London: British Prime Minister Gordon Brown today said he will propose a $21.2 billion fund to help small businesses deal with the international financial crisis when he meets other European leaders in Paris.
Brown told reporters he would propose the fund “so that small businesses in our country and the rest of Europe can get money immediately so that they can continue to employ staff and continue to provide services”.
He added that he would call for world leaders to “work together to clean up the system, both in America and Europe” by promoting transparency in the financial markets, and put together a timetable for international meetings to agree to changes.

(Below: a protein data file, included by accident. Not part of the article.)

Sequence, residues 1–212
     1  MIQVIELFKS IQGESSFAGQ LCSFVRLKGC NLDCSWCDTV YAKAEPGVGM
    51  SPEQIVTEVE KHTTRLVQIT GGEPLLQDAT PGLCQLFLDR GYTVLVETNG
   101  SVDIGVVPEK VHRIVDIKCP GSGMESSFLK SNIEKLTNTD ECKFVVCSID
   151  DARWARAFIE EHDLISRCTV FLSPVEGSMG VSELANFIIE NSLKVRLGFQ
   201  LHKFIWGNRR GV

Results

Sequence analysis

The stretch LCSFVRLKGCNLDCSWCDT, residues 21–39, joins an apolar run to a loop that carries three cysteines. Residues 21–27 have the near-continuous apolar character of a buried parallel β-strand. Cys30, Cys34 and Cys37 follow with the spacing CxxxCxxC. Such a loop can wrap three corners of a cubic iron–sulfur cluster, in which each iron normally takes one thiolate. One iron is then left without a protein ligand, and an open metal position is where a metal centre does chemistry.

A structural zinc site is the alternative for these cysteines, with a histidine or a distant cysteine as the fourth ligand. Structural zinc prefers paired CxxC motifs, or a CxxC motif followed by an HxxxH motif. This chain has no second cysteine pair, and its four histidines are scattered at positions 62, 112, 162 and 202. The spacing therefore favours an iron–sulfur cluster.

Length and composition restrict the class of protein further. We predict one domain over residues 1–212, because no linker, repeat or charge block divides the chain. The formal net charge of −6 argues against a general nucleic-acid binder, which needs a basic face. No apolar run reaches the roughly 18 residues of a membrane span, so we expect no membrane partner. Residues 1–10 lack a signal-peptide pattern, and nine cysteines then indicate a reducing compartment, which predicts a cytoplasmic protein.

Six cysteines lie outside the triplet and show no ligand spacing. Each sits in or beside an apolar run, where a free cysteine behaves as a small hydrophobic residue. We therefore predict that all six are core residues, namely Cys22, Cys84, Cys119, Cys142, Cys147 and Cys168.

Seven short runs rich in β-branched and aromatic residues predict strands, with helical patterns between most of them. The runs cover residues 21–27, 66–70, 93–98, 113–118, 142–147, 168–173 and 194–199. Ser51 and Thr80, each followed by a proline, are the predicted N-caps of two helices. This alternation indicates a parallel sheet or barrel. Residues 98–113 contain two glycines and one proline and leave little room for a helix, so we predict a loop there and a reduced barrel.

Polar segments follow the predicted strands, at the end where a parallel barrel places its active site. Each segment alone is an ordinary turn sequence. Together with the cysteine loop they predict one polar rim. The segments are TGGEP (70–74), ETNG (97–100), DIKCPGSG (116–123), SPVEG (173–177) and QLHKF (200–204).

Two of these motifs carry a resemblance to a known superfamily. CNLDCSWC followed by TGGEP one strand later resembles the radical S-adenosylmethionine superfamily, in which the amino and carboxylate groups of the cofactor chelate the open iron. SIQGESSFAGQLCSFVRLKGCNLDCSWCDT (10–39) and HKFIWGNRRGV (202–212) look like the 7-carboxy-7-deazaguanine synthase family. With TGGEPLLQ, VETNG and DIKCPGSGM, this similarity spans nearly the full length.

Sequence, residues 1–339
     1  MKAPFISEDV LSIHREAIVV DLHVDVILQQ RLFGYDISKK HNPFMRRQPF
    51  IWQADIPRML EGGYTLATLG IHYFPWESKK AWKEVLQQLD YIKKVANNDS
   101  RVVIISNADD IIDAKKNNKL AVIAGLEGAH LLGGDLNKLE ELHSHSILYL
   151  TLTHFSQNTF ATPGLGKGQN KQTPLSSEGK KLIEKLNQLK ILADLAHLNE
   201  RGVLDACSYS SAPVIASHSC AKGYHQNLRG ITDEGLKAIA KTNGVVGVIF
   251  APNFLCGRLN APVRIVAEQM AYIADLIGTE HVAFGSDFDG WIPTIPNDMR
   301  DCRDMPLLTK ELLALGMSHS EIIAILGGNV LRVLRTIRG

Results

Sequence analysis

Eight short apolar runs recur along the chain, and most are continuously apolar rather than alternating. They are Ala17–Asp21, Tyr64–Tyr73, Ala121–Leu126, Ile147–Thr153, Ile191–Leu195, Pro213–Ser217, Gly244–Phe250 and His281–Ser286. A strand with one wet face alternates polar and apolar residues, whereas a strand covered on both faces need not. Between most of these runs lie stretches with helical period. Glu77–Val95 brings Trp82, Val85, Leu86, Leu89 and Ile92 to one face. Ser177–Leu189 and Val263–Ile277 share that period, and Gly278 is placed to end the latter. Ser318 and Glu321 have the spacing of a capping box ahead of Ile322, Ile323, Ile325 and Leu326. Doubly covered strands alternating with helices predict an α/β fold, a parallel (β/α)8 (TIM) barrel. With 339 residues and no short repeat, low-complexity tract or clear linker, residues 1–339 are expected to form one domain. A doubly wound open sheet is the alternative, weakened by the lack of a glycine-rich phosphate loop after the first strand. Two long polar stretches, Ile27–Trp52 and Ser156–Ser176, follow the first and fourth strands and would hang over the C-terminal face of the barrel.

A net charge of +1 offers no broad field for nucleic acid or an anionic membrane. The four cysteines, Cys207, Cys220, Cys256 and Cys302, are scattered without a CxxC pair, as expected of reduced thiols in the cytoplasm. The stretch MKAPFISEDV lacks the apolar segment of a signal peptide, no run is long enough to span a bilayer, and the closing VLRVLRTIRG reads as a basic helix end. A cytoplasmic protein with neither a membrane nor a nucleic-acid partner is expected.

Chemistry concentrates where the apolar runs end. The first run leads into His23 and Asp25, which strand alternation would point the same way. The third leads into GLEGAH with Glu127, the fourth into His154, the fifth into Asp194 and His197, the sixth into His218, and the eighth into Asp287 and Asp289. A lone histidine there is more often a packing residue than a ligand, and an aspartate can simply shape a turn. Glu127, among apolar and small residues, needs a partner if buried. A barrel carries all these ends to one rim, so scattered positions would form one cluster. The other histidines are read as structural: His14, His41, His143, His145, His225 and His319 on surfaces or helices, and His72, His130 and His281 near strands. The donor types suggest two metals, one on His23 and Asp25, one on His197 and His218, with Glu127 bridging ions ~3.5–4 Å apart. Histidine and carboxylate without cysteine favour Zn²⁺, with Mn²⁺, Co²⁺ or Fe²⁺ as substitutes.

Brown arrives today for a meeting with the leaders of France, Germany and Italy, the other members of the European Union’s four biggest economies, to discuss the financial crisis.
As lawmakers in Washington wrangled over their own USD 700-billion rescue package, which was finally approved yesterday, European governments have been forced to ride to the rescue of several major European banks this week.
Brown’s government announced Monday the nationalization of Bradford & Bingley, coinciding with the €11.2-billion bailout of banking and insurance group Fortis by the Belgian, Dutch and Luxembourg governments.
A day later, Belgium, France and Luxembourg joined together to inject €6.4 billion into banking group Dexia and in Germany Hypo Real Estate was saved by a government-backed rescue move.